CCTP-505 Introduction to Communication, Culture and Technology: Interdisciplinary Problems and Methods
Fall for 2016-2017
This course introduces students to some of the main approaches and issues that animate the Communication, Culture & Technology program. Students will explore interdisciplinary approaches to solving intellectual problems in communications, cultural, media, and technology studies. Students will also consider issues in the movement from theoretical work to intellectual and interpretive practice in order to address the question of: What does an interdisciplinary practice of communication, culture and technology studies look like?
After an introductory section suggesting frameworks for interdisciplinary practice (the problems, questions, methods and answers framework), various members of the CCT Faculty will give lectures and hold discussions of their interdisciplinary fields and approaches to a problem within those fields.
It should be clear at the outset that these lectures are not comprehensive. Rather, students will explore vital CCT problems using a consistent set of questions from divergent disciplinary, theoretical, and methodological perspectives. In this sense, the students will learn approaches to think critically about problems, rather than a set body of knowledge, theory, or method.
The learning goals in this course address three areas important for student development during the first year of graduate study: intellectual scholarship, social presence, and career trajectory.
The intellectual goals of the course are straightforward, yet also incredibly complex matters that academics and other practitioners have been thinking through for generations. Therefore, students should not expect to progress to a complete understanding of these issues, but rather develop a beginning lens for use throughout their CCT experience.
1) Interdisciplinary Problem Solving: A signature of the CCT program is a multi- and inter-disciplinary approach to studying the intersections of communication, culture and technology studies. To that end, students will engage with some key problems and bring explicit disciplinary and interdisciplinary perspectives to those problems throughout the course.
2) Theory to Practice: Throughout the CCT program, students are challenged to study theoretical frameworks and apply them to communication, culture and technology environments. Developing the ability to move from theory to practice and back to theory strengthens analytical skills across domains. As such, students will move between theory and practice in individual reflective writing and a group project.
1) Teamwork, group interaction, and collaboration are increasingly important in today’s networked economy. Students will practice teamwork skills in many elements of the course: in the lecture discussions, in the recitations, and in the group project.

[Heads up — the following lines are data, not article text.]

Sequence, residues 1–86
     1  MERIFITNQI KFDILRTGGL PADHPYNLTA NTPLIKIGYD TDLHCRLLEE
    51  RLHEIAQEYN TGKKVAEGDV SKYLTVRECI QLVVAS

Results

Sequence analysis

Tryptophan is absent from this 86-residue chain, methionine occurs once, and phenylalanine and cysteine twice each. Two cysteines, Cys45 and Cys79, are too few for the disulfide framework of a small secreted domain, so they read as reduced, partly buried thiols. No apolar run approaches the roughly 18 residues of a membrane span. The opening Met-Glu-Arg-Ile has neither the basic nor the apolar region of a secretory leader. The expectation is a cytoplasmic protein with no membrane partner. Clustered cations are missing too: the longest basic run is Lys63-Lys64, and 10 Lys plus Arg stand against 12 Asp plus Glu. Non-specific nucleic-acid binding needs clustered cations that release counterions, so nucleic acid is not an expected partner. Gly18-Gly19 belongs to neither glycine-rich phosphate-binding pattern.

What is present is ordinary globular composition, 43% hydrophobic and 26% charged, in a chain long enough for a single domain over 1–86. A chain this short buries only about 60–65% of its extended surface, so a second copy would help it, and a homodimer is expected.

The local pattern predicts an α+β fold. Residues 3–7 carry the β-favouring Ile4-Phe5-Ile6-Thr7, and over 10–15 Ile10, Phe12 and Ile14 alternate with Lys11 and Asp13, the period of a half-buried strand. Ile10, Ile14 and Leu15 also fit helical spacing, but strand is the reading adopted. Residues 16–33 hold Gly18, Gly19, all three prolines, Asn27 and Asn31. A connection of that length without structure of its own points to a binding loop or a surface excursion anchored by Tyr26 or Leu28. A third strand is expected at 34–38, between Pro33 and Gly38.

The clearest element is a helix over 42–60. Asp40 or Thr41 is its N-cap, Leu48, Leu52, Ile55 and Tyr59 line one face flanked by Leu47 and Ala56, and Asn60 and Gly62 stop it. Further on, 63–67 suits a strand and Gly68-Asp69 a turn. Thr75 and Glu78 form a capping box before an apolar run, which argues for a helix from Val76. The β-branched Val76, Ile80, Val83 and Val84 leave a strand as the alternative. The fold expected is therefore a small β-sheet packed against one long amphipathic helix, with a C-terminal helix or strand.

2) Conversations across the various clusters of CCT are an important function of this course, helping students to grow in appreciation for the multidisciplinary nature of the program. For this reason, students will consider course material from both social science and humanities perspectives and participate in heterogeneous discussion groups.
3) Students should begin to grow into their potential as graduate students, that is, emerging scholars and researchers with abilities and skill sets which are more intellectually, socially, and professionally independent than those possessed by undergraduates. To this end, students in the course will consider matters of graduate standards and workload as well as skills building in areas such as critical/analytic reading and writing.
1) A central difficulty for many students in the transition to graduate school is understanding the ways in which graduate programs are structured around the independence of the student and his or her own interests. For this reason, many students have trouble taking ownership of their program and understanding the need for self-direction. Students’ engagement with two versions of the statement of purpose, the portfolios, and the reflective writing provide opportunities for students to articulate for themselves how CCT will fit into their educational and other career goals.
2) A related issue for many students is learning to think across multiple disciplines and to convert theoretical learning into meaningful practices of research, writing, and action. The simulation and game experience and reflection, the portfolios, and the explicitly interdisciplinary focus of the course help students in these areas.
The following syllabi may help you learn more about this course (login required):
Fall '16: Bode L., Turner J. (file download)
Fall '16: Bode L, Turner J (description, file download)
Additional syllabi may be available in prior academic years.
Other academic years
There is information about this course number in other academic years: